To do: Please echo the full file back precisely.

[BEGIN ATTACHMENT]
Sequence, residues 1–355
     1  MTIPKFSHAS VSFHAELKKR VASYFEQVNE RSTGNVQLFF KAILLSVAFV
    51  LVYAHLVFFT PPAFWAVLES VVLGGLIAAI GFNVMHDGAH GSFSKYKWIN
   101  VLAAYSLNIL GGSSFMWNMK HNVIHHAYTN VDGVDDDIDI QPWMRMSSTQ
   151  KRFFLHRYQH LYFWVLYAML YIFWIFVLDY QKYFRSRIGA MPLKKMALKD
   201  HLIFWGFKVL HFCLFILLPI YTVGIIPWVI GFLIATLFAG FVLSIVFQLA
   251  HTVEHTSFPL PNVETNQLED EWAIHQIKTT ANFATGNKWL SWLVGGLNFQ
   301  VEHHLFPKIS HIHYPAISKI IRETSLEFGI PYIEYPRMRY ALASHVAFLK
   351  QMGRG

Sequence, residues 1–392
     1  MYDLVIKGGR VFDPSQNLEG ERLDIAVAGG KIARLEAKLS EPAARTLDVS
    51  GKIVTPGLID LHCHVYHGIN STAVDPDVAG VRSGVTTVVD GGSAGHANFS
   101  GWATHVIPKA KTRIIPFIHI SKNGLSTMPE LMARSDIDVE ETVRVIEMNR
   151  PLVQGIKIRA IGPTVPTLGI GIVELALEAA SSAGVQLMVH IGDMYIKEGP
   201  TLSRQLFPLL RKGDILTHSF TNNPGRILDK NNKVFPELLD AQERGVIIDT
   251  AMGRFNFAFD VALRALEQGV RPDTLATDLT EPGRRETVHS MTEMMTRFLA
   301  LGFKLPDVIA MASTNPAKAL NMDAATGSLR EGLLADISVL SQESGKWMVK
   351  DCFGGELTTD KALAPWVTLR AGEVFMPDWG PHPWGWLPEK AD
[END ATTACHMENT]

Sequence, residues 1–355
     1  MTIPKFSHAS VSFHAELKKR VASYFEQVNE RSTGNVQLFF KAILLSVAFV
    51  LVYAHLVFFT PPAFWAVLES VVLGGLIAAI GFNVMHDGAH GSFSKYKWIN
   101  VLAAYSLNIL GGSSFMWNMK HNVIHHAYTN VDGVDDDIDI QPWMRMSSTQ
   151  KRFFLHRYQH LYFWVLYAML YIFWIFVLDY QKYFRSRIGA MPLKKMALKD
   201  HLIFWGFKVL HFCLFILLPI YTVGIIPWVI GFLIATLFAG FVLSIVFQLA
   251  HTVEHTSFPL PNVETNQLED EWAIHQIKTT ANFATGNKWL SWLVGGLNFQ
   301  VEHHLFPKIS HIHYPAISKI IRETSLEFGI PYIEYPRMRY ALASHVAFLK
   351  QMGRG

Sequence, residues 1–392
     1  MYDLVIKGGR VFDPSQNLEG ERLDIAVAGG KIARLEAKLS EPAARTLDVS
    51  GKIVTPGLID LHCHVYHGIN STAVDPDVAG VRSGVTTVVD GGSAGHANFS
   101  GWATHVIPKA KTRIIPFIHI SKNGLSTMPE LMARSDIDVE ETVRVIEMNR
   151  PLVQGIKIRA IGPTVPTLGI GIVELALEAA SSAGVQLMVH IGDMYIKEGP
   201  TLSRQLFPLL RKGDILTHSF TNNPGRILDK NNKVFPELLD AQERGVIIDT
   251  AMGRFNFAFD VALRALEQGV RPDTLATDLT EPGRRETVHS MTEMMTRFLA
   301  LGFKLPDVIA MASTNPAKAL NMDAATGSLR EGLLADISVL SQESGKWMVK
   351  DCFGGELTTD KALAPWVTLR AGEVFMPDWG PHPWGWLPEK AD